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Samuel Pickering


Early Spring

Catalogues shape the seasons of my mind. In January when Spring Hill's "Planting Guide" and White Flower Farm's "Garden Book" poked budding through the mail, I pulled the rumpled snow off the yard and folding it stored winter away on a back shelf o [...]


Waiting for me each August when Vicki and the children and I return to Storrs from Nova Scotia is a bag of mail. Because I had been identified as the inspiration for the John Keating character in the movie Dead Poets Society, the mail was more colo [...]


Few members of my family have been involved in things political. Whether concern over character or distrust of partisanship has kept us far from ballot and position, I am uncertain. Whatever the truth, however, the only Pickering to hold public off [...]

Ink Blots

For eight weeks my little boy Francis has been a green police car. He won't answer to his name, and to lure him to dinner, my wife Vicki and I stand in the kitchen and shriek like sirens. When Francis began nursery school last month, we thought the [...]

Son and Father

The more I see of old people," my father said in the last letter he wrote me, "the greater my feeling is that the bulk of them should be destroyed." "Not you," I thought when I read the letter, "at least not yet." For years I imagined that I was di [...]

Man of Letters

Occasionally I write familiar essays. When I send them to editors, I usually explain that I am trying to write my way to a new car, adding that I have done well recently and have earned the front half of a station wagon, the automatic transmission, [...]

Just Started

On a hot August morning, the kind when the heat lies hazy and blue, a countryman sat on his front porch and gazed across his yard toward the road. A neighbor came walking along the road, and, so the story goes, seeing his friend, stopped and said, [...]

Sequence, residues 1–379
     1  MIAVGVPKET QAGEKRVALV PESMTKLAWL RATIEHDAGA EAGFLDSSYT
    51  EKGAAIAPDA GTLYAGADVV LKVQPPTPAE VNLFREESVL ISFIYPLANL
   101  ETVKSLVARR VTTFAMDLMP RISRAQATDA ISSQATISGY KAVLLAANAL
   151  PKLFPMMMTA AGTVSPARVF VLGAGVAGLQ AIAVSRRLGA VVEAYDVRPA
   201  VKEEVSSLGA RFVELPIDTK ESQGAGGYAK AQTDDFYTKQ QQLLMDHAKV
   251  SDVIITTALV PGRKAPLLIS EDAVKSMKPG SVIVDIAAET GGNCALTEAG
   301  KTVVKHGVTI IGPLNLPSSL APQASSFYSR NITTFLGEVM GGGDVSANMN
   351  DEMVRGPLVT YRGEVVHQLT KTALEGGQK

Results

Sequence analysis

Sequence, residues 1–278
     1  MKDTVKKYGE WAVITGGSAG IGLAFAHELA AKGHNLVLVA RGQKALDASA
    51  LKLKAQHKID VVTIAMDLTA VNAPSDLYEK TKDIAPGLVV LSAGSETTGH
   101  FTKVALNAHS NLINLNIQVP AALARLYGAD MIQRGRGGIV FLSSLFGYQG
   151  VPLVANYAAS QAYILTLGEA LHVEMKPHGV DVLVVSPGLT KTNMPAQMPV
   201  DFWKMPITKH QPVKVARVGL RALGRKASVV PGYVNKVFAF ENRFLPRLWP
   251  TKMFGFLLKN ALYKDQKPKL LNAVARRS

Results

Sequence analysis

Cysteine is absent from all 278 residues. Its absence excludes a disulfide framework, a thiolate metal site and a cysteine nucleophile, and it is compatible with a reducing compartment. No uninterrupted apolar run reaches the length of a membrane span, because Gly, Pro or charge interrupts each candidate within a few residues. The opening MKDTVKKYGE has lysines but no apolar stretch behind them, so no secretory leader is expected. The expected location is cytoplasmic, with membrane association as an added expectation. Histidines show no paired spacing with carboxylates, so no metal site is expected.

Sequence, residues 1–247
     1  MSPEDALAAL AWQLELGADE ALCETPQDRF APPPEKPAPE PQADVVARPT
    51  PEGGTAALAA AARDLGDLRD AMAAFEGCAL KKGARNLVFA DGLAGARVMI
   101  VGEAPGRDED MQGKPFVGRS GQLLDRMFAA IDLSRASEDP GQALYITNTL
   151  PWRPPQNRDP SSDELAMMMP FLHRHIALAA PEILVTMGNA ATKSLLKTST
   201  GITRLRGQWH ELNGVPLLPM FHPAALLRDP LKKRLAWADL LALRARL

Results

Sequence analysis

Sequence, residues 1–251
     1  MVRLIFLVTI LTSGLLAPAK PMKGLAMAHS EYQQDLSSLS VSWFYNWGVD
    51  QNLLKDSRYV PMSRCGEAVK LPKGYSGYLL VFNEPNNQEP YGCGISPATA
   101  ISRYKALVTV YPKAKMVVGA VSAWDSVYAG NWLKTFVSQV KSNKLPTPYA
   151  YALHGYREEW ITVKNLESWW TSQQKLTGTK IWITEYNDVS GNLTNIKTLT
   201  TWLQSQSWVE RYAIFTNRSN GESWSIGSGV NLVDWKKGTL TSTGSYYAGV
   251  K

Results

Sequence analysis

A Man Who Lived Upon Learning

Caught in the Web of Words: James Murray and the Oxford English Dictionary. By K. M. Elisabeth Murray. Yale. $15.00. In Some Thoughts Concerning Education (1693), John Locke taught the 18th century that the child was the father of the man. Nine men [...]

Continuing Education, Or Beyond the Ph.D.

I am the best unemployed teacher in the country. When I taught a course, Dartmouth rented the Knights of Columbus meeting hall. Students followed me like canine gentlemen followed Fifi in the spring—that is before the milk truck ran over her. I'm [...]

Epics of Empire

Dreams of Adventure, Deeds of Empire. By Martin Green. Basic Books. $15.00 My father's hometown, Carthage, Tennessee, sits on a bluff overlooking the Cumberland River. A steel bridge spans the river, and ten minutes after turning off the interstat [...]

The Books I Left Behind

Academics behave like hamsters. Instead, though, of stuffing their jowls with lettuce and raisins, and when the wind is in the east, their offspring, they lard houses with books—in the attic, in the basement, on top of the stereo in the living r [...]

A Thousand and One Classrooms

Mickey rode out of Groton like the Marlboro Man, in boots, a ten-gallon hat, and carrying a bull shooter. He disappeared after the first class, and I didn't see him again until I decided to treat myself to a bottle of wine. While bending over looki [...]